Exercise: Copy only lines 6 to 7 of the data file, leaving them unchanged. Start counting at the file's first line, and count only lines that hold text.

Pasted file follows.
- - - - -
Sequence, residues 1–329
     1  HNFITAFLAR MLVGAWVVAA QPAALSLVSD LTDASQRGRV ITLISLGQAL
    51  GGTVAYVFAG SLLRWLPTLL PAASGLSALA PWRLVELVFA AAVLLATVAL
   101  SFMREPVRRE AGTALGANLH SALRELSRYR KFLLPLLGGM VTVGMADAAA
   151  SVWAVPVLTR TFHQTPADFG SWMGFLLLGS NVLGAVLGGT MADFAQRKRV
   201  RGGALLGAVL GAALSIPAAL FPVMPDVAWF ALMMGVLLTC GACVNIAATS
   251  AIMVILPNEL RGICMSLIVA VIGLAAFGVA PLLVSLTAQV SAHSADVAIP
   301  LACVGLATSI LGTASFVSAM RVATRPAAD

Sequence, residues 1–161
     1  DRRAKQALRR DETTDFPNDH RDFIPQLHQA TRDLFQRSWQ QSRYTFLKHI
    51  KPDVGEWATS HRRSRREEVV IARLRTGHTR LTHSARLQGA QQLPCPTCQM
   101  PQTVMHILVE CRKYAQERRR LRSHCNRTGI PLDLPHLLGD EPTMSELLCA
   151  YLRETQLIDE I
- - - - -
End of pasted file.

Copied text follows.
   201  RGGALLGAVL GAALSIPAAL FPVMPDVAWF ALMMGVLLTC GACVNIAATS
   251  AIMVILPNEL RGICMSLIVA VIGLAAFGVA PLLVSLTAQV SAHSADVAIP